The team’s website became a source of information for the public and media as well as extension educators across the state, introducing the insect and preventing panic spraying of insecticides or the hiring of contractors selling false promises of protection. The site had nearly 23,000 unique views, while videos deployed by the team on Facebook and YouTube were viewed more than 12,000 times. The related social media campaign reached nearly 85,000 individuals.

More than 30 local and national news outlets ranging from the Indianapolis Star and South Bend Tribune to NBC, CBS, ABC, NPR, Disney Plus and National Geographic picked up on the buzz created by the cicada team. Barnes conducted 47 media interviews herself, while many other local extension educators and specialists also gave interviews to various outlets armed with information from the Cicada website.

Full article > > >

Resources:
Emergence of the 17-year Cicada Website, Purdue Extension – Entomology
Cicada Activity for Kids, Purdue Extension – Entomology
Cicada and Their Lookalikes Poster, Purdue Extension – Entomology
17 Ways to Make the Most of the 17-year Cicada Emergence, Purdue College of Agriculture
Ask an Expert: Cicada Emergence Video, Got Nature? Blog, Purdue Extension-FNR
Periodical Cicada in Indiana, The Education Store, Purdue Extension resource center
Cicada Killers, The Education Store
Zombie Cicadas Video, Bug Bowl 2021
Subscribe to Purdue Extension – Forestry and Natural Resources YouTube Channel

Wendy Mayer, FNR Communications Coordinator
Purdue University Department of Forestry and Natural Resources

Elizabeth Barnes, Exotic Forest Pest Educator
Purdue University Department of Entomology


Join fisheries specialist Dr. Mitch Zischke and Fred Whitford from the Purdue Pesticide program as they share about pond vegetation, from what is pond vegetation and why is it useful, to how you prevent negative effects from aquatic plants and what can you do to control problem plants.

If you have any questions regarding trees, forests, wildlife, wood products or other natural resource topics, feel free to contact us by using our Ask an Expert web page.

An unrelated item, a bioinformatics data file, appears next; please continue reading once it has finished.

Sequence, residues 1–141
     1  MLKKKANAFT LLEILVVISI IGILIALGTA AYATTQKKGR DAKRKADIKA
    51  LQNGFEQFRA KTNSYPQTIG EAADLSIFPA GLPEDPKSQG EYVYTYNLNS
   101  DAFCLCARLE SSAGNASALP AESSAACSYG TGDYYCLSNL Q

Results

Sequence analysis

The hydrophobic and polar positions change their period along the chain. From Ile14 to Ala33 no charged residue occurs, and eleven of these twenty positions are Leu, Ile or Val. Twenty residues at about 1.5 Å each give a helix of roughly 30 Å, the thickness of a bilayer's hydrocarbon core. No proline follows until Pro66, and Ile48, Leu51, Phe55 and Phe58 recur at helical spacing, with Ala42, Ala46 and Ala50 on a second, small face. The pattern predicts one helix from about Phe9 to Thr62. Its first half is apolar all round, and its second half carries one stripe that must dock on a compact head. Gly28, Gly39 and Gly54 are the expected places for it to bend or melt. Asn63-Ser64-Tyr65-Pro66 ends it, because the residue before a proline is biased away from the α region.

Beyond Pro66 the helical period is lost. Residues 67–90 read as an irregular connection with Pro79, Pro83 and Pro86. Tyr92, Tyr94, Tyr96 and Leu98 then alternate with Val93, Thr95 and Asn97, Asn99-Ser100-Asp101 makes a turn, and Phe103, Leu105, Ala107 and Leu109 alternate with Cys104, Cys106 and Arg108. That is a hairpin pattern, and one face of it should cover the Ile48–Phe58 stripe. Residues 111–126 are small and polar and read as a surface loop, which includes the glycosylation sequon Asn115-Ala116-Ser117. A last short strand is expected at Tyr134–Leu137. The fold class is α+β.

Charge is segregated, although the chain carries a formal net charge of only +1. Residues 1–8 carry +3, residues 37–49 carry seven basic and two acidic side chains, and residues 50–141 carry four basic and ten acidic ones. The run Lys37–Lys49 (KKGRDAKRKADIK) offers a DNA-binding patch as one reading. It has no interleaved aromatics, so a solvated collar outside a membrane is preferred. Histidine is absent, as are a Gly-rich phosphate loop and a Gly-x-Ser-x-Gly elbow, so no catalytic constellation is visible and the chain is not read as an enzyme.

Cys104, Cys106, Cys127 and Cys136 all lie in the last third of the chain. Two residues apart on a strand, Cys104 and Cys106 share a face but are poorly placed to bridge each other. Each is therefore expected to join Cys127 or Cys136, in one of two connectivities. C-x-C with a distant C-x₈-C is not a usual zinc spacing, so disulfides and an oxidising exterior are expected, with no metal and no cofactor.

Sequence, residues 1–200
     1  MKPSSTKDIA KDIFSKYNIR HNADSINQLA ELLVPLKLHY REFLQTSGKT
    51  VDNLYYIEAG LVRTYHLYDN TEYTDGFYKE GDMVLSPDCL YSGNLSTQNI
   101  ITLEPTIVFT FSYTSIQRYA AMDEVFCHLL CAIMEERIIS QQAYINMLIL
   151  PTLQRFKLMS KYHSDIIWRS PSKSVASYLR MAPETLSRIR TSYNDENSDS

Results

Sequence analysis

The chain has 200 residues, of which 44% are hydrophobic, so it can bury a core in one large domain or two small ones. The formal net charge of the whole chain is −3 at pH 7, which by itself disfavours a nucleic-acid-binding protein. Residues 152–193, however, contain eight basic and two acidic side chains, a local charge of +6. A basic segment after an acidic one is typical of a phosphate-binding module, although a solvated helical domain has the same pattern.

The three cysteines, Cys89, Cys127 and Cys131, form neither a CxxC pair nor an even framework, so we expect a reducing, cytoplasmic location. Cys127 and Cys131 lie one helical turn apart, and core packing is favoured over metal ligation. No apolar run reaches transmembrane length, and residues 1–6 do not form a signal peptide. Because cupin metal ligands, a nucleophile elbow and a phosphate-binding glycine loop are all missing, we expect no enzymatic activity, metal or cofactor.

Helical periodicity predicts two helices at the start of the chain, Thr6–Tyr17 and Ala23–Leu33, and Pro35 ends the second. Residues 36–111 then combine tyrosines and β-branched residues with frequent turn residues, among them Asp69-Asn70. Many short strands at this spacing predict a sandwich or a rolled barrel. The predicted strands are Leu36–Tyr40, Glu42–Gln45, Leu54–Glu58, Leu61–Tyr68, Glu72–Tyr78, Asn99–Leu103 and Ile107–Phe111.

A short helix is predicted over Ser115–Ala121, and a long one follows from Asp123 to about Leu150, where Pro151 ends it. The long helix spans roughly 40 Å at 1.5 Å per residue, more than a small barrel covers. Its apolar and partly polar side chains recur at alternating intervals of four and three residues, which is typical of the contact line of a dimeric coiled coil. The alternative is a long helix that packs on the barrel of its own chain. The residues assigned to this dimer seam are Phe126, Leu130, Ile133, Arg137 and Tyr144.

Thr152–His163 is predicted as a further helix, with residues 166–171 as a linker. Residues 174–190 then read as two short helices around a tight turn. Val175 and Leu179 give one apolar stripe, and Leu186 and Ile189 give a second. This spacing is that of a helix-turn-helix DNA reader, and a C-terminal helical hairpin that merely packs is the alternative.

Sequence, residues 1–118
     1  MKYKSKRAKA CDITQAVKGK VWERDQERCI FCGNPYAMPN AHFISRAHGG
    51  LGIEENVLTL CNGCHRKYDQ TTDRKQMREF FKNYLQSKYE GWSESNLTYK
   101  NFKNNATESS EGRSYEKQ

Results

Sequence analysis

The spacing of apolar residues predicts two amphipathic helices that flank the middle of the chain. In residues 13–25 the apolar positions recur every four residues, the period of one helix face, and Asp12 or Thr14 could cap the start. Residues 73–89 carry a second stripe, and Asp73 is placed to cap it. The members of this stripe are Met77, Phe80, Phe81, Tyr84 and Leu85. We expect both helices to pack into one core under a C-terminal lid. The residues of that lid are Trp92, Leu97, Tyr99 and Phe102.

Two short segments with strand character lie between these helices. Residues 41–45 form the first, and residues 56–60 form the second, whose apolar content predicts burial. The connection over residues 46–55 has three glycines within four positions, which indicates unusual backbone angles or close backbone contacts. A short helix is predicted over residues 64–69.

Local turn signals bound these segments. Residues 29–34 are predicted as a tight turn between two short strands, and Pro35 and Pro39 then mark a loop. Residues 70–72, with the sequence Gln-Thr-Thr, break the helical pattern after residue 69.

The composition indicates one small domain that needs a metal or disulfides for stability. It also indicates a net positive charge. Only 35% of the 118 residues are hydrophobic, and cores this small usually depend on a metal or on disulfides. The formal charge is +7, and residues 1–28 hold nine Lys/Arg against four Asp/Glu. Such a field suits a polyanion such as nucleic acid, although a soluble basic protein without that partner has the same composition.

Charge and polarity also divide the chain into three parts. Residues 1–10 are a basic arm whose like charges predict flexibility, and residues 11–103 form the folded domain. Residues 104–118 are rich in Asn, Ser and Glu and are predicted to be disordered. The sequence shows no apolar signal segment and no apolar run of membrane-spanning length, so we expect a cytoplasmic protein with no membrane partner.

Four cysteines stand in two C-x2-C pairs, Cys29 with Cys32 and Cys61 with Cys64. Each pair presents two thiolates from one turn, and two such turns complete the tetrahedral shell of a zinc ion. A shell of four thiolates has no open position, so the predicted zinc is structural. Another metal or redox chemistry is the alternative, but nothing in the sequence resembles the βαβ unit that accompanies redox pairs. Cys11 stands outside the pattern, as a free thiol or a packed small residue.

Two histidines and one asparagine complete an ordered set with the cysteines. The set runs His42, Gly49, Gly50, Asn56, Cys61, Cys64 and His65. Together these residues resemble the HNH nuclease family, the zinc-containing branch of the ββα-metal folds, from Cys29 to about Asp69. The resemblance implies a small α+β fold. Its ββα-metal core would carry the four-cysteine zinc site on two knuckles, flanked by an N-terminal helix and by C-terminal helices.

Resources:
Aquatics & Fisheries, Playlist, Purdue Extension – Forestry and Natural Resources YouTube Channel
Ask an Expert: Pond Wildlife Management, Video, Purdue Extension – FNR YouTube Channel
Ask an Expert: Pond Management: What to Do in Winter, How to Plan for Spring, Video, Purdue Extension – FNR YouTube Channel

Aquatic Pest Management, The Education Store, Purdue Extension resource center
Pond Management: Stocking Fish in Indiana Ponds, The Education Store
Aquatic Plant Management: Identifying and Managing Aquatic Vegetation, The Education Store
Aquatic Vegetation Management, College of Agriculture – Purdue Extension
Pond and Wildlife Management, College of Agriculture – Purdue Extension
Purdue Plant and Pest Diagnostic Lab, College of Agriculture – Purdue Extension
Find your county extension educator, College of Agriculture – Purdue Extension
Purdue Pesticide Program eLearning Aquatic Vegetation Module, Purdue Pesticide Program, Purdue Extension
Part 1: Know Your Pond, Video, Purdue Extension YouTube Channel
Part 2: Selecting the Right Equipment for the Job, Video, Purdue Extension YouTube Channel
Part 3: Proper Placement of the Herbicide, Video, Purdue Extension YouTube Channel
Part 4: Stopping the Hitchhikers Boat Cleaning, Video, Purdue Extension YouTube Channel

Mitch Zischke, Clinical Assistant Professor
Purdue Department of Forestry and Natural Resources

Fred Whitford, Clinical Engagement Professor
Purdue Department of Botany and Plant Pathology

 


Posted on June 23rd, 2021 in Ask the Expert, Forestry, Plants, Woodlands | No Comments »

In this episode of ID That Tree, Purdue Extension forester Lenny Farlee introduces you to the flowering dogwood, which blooms in April and May, and is a great alternative to the invasive callery pear. Learn more about this small tree and its growing preferences inside.

If you have any questions regarding wildlife, trees, forest management, wood products, natural resource planning or other natural resource topics, feel free to contact us by using our Ask an Expert web page.

Resources:
ID That Tree, Playlist, Purdue Extension – Forestry and Natural Resources YouTube Channel
A Woodland Management Moment, Playlist, Purdue Extension – FNR YouTube Channel
Shrubs and Woody Vines of Indiana and the Midwest, The Education Store, Purdue Extension Resource Center
Native Trees of the Midwest, The Education Store
Investing in Indiana Woodlands, The Education Store
Forest Improvement Handbook, The Education Store
Flowering Dogwood, The Purdue Arboretum Explorer
Flowering Dogwood, Native Trees of Indiana River Walk, Purdue – Fort Wayne

Lenny Farlee, Sustaining Hardwood Extension Specialist
Purdue University Department of Forestry and Natural Resources


Posted on June 4th, 2021 in Ask the Expert, Forestry, How To | No Comments »

Video series adds “spring bloom” to aid in the identification of different trees. With vivid pictures sharing what to look for regarding the leaves, bark and bloom, Purdue Extension Forester Lenny Farlee identifies these six trees and what to look for in the spring.